Rethinking what it means to gather for worship—One Baptist church considers not returning to the building

At the South Yarra Community Baptist Church (SYCBC) in Melbourne, Australia, moving worship and congregational life online during our city’s four-month hard lockdown proved so successful that there is now a serious conversation about the possibility of continuing it and not returning to physically gathered worship.

Holy Communion: From naivety to righteous indignation

“As we gather at God’s holy table, the table is not our table, not the church’s table, not the denomination’s table, but it is God’s table, and God’s inclusive hands extend a welcome to all.”

Asian Lives Matter

The dominant powers in this country have set the gameboard where different communities are pitted against one another with myths that we tell of “the other.” Contrary to the model minority myth, many Asian Americans suffer from the same racist system that hurts all communities of color. Following the Atlanta massacre, I saw a God-given opportunity to build solidarity as so many allies, especially from the Black community, raised their voices in support.

Imagining the kingdom of God—A report from the American Baptist Biennial Mission Summit

This beautiful tension of unity and diversity was on full display during the 2021 Biennial Mission Summit. Women and men representing a variety of ethnic, social, and theological perspectives provided inspiration and encouragement for participants to imagine the kingdom of God in their contexts.

Justice. Mercy. Faith.

Through The Christian Citizen, we seek to shape a mind among American Baptists and others on matters of public concern by providing a forum for diverse voices living and working at the intersection of faith and politics, discipleship and citizenship.

If it’s easy, is it cheating?

If it’s easy, is it cheating?

Remember: if it’s fun, that doesn’t mean it’s not work. It could be that’s exactly the place you are called to contribute right now. Could you do more of what is fun and easy and less of what is hard and a struggle? It’s not cheating to exercise your greatest gifts.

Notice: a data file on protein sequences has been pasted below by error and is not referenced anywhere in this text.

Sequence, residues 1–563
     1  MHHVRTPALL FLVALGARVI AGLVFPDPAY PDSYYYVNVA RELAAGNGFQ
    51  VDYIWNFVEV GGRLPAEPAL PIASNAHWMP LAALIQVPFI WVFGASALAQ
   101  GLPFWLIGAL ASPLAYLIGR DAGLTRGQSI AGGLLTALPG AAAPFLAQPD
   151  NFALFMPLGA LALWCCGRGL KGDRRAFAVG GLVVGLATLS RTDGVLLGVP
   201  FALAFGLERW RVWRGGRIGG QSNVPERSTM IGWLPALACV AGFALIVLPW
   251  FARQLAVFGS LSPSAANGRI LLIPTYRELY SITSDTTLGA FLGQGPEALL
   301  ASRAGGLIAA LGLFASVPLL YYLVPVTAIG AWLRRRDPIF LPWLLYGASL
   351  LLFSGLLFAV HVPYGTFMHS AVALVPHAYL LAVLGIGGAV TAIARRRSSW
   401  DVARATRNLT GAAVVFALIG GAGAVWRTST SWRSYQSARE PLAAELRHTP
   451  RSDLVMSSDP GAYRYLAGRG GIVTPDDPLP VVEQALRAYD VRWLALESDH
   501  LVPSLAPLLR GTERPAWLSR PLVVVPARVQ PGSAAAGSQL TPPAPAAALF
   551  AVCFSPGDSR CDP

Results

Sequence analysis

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The color of flesh

The color of flesh

I return again and again to the power of ever-so-brief children’s sermons. They cannot eradicate generations of racism, hatred, and narrow-mindedness, but inch by inch they can influence attitudes and values for good.

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“Thank you for your patience”

“Thank you for your patience”

The Church has been waiting for nearly two thousand years for God’s Kingdom to be fully realized. Where are we now? God never promises when we will see the kingdom, only that it will come soon and very soon and that we have work to do in the time between now and then.

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School’s out for summer—Counting the cost

School’s out for summer—Counting the cost

School may be out for summer and given vaccinations and increased immunity, the pervasive need for virtual learning may decrease. However, the persistent gaps and inequities uncovered must be addressed. We have a collective responsibility which rests with all who care for and want to see the success of our children. May we be moved to get involved and advocate, lest we find that the cost of school being out is too great to bear.

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Responding to COVID-19

La niñez, víctima silente de la pandemia del COVID-19

La niñez, víctima silente de la pandemia del COVID-19

Informándose sobre recursos para familias pobres: ayudas federales, etc. Siendo parte de colaboraciones para crear recursos para familias inmigrantes ya que estos no tienen acceso a ayudas federales. La iglesia puede crear redes informales entre congregaciones y agencias sociales. También podemos trabajar con servicios sociales para mantener contacto con niños que han tenido que ir a cuido de crianza.

One year and counting—Christian Citizen reflections on the coronavirus pandemic

One year and counting—Christian Citizen reflections on the coronavirus pandemic